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Boat Names

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Ok so, all this talk of baby name consultants makes me wonder about the boat-naming industry. Since boat names are generally longer, and often complete phrases, maybe people actually invest as much time naming boats as naming children...?

My father, a sailor, always talked about this boat named Rebecca Lynn and then one day he finally sent me a picture of it: well wouldn't you know. And then when I was in college my dad let me name his fishing boat: Get me away from here I'm dying, after a Belle and Sebastian song and, yes, also referencing the side effects of spending a summer at home after nine months at college under the aegis of free beer. As far as consulting goes, a found a site called namethatboat.com to be helpful if staggering. My top votes there were: My Quota!, Knot Now Kato (??), and uh, Spider Farm.

View the list in exhaustive totality here. And this just in from the Boat Owners Association of the United States:

The top 10 names in America, in order, in 2006 (the latest data available): Aquaholic, Second Wind, Reel Time, Hakuna Matata, Happy Hours, Knot Working, Life Is Good, Plan B, Second Chance and Pura Vida (Spanish for "pure life''). Knot Working, Life Is Good, Plan B and Second Chance made the list for the first time. While witty boat names tend to attract all the attention, said Scott Croft, a BoatUS spokesman, most boats are named for family members or favorite pastimes. After the Sept. 11 tragedy, patriotic names such as Freedom and Liberty were in vogue. BoatUS has tracked boat names for 20 years.

Indeed they have, and you can follow the trends through time here. Check out 2003, where "Mental Floss" made the list! Boats you've named...Anybody? The hypothetical also welcome.

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iStock
Air New Zealand's London Pop-Up Restaurant Only Sells Airplane Food
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iStock

Bad airplane food is a cliché for a reason, but Air New Zealand is bucking the trend, Food & Wine reports. The airline's new in-flight menus feature culinary creations by New Zealand chef Michael Meredith and Peter Gordon, the Kiwi-born executive chef of London’s popular The Providores and Tapa Room. To promote their revamped meal options, Air New Zealand launched a free, two-day pop-up restaurant in London that serves nothing but airplane food.

The temporary outpost, called This is How We Fly, is running out of the Unit London gallery in Soho, but it's only sticking around for two days—April 25 and April 26 (which is today, which means you've only got a few hours left to give it a try). Patrons sit in airplane chairs and dine on options including “lamb with minted peas, braised lettuce with bacon lardons, and salt roasted crushed new potatoes with mint jelly" and a "yoghurt marinated chicken tikka with saffron pilaf jewelled rice, and aloo ghobi with spicy raita dressing,” according to Food & Wine.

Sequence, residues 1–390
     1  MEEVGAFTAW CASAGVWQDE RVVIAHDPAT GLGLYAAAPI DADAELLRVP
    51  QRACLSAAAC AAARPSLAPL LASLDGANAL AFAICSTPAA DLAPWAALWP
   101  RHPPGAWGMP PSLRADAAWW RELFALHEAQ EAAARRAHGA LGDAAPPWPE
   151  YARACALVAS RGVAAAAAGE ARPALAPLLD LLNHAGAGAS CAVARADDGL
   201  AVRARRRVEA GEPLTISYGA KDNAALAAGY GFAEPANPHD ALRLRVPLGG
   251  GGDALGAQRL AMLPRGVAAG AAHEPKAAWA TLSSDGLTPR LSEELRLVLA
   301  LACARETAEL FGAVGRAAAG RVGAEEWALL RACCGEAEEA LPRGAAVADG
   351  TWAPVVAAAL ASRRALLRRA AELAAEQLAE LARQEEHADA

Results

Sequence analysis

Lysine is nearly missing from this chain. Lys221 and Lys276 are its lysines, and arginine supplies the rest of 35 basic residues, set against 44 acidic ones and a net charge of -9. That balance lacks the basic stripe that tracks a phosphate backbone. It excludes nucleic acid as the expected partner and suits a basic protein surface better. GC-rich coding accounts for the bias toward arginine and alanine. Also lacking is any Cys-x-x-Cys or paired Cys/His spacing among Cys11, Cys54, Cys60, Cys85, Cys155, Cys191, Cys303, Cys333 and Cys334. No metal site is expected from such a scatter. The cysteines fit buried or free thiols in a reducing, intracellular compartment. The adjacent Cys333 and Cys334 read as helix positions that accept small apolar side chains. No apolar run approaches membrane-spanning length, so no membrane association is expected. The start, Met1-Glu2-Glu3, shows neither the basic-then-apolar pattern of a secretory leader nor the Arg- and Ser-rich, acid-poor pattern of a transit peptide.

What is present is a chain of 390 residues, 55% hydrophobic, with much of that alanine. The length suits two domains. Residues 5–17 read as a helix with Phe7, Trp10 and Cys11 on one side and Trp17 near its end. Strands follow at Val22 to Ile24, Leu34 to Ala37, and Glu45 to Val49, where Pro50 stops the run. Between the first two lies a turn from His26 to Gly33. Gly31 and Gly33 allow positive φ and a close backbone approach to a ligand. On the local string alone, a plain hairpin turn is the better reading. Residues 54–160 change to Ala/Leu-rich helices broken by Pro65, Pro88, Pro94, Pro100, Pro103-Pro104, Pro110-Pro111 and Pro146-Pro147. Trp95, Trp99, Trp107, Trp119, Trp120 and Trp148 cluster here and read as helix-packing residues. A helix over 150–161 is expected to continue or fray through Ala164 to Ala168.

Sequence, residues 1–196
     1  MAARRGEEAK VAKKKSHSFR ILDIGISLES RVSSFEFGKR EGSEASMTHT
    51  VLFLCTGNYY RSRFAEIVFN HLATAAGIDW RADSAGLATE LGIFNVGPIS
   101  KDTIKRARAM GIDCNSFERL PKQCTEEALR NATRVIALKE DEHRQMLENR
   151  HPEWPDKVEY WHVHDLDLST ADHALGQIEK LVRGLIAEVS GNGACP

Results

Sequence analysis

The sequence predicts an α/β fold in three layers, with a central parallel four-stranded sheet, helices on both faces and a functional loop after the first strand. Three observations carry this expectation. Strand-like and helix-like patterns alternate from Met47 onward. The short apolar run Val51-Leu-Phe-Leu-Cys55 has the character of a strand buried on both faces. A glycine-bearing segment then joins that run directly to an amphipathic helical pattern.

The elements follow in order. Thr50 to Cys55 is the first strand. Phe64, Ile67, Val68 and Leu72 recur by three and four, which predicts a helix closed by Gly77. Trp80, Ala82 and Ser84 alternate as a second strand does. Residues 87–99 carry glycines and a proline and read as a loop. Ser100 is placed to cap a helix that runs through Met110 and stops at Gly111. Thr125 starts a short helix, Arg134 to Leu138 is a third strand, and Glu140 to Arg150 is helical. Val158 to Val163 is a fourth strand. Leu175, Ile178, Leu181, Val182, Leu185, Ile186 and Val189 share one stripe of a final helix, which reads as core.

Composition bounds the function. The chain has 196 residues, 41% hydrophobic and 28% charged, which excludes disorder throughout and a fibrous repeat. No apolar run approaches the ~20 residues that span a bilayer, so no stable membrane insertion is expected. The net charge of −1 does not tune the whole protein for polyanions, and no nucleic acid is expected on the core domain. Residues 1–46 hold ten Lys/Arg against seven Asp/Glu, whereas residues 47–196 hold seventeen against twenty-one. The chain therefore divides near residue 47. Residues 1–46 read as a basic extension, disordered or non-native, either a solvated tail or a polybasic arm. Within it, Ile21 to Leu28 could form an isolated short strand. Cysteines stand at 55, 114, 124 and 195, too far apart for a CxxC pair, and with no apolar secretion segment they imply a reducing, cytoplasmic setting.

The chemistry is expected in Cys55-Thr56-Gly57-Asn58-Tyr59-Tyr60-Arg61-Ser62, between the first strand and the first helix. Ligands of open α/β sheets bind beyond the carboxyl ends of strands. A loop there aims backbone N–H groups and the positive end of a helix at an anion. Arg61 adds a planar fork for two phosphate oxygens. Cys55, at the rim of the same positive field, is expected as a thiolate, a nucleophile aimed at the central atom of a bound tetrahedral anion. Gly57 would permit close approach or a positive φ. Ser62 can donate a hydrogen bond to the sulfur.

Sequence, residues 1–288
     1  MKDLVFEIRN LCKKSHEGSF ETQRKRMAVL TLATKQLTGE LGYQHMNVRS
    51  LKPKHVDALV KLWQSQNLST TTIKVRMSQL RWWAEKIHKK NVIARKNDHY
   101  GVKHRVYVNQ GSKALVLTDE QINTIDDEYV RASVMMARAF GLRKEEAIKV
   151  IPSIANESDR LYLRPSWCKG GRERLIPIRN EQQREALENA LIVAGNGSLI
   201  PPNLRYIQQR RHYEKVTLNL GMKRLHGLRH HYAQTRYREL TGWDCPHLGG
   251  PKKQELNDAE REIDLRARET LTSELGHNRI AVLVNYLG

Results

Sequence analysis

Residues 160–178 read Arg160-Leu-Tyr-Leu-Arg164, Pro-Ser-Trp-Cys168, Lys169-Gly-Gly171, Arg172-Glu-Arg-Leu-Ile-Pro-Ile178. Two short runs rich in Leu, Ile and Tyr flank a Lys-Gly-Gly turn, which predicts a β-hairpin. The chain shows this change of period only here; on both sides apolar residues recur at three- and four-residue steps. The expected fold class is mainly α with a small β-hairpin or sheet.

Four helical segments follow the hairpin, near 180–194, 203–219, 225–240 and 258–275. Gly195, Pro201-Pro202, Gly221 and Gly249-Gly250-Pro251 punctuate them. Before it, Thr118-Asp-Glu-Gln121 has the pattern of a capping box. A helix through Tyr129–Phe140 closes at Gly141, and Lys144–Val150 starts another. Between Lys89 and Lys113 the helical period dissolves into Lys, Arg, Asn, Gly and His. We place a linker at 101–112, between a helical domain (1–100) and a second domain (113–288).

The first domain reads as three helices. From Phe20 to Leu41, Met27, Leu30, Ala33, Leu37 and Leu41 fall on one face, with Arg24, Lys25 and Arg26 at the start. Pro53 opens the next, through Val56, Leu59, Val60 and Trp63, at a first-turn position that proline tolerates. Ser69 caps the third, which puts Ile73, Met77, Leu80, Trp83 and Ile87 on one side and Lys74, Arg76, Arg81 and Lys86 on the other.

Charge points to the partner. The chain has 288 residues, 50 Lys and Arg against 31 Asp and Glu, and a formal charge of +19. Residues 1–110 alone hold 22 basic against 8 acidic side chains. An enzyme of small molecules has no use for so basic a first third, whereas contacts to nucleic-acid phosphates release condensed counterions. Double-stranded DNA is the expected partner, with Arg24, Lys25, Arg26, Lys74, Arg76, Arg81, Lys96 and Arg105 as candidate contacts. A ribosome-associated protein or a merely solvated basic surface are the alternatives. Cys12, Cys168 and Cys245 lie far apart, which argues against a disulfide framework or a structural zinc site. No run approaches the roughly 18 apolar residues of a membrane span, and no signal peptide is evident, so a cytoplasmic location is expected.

Vegetarians were able to indulge, too, as the airline’s meatless dishes included “soy marinated tofu brown rice seaweed with sesame miso dressing and a chunky vegetable” and “tofu coconut curry with spinach and coriander green rice.” New Zealand wines and desserts like apple rhubarb and treacle tarts were also on the menu.

Air New Zealand didn’t simply wine and dine prospective flyers—they also surveyed them on their attitudes about airline food. The company questioned 1000 adults, and found that 25 percent of respondents preferred hospital menu options to airline cuisine. Meanwhile, half of respondents said they disliked airplane food. Still, customers were willing to reconsider their relationship with sky grub if it were made from fresher ingredients, or if menus featured a wider array of options.

Air New Zealand isn’t the only company in the South Pacific that's rethinking its approach to airplane food: Airlines flying out of the state of Queensland, Australia, have teamed up with a charity called OzHarvest Brisbane to collect uneaten sandwiches and snacks, which are then donated to more than 800 charities.

[h/t Food & Wine]

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AeroMobil
AeroMobil's Flying Car Could Land This Year
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AeroMobil

The flying cars of science fiction have always been a bit of a logistical nightmare: Vehicles in sky lanes zipping around, narrowly avoiding head-on collisions, and rarely meeting the ground. In other words, George Jetson probably would have needed some quality auto insurance.

The reality is still impressive, but a little more practical. This week, AeroMobil announced that their plainly named AeroMobil Flying Car—a small passenger plane that doubles as a street-legal vehicle—will be available for pre-orders beginning this year.

The four-wheeled plane (or winged car) has gone through several prototypes to get to a stage that AeroMobil says is in total compliance with current regulations for both aircraft and automobiles. A previous iteration used regular gas, could take off with 650 feet of airstrip, land on just 164 feet of strip, and reached speeds of up to 124 miles per hour. It also crashed during a 2015 test run in Slovakia. (The pilot, who deployed his parachute, survived.)

AeroMobil is keeping specs for their new, commercial version under wraps until April 20, when it plans on debuting the vehicle at the Top Marques Monaco industry trade show. The price is also TBD, but chief technical officer Doug MacAndrew told Business Insider last year that “it's not going to be cheap.”

[h/t Mashable]

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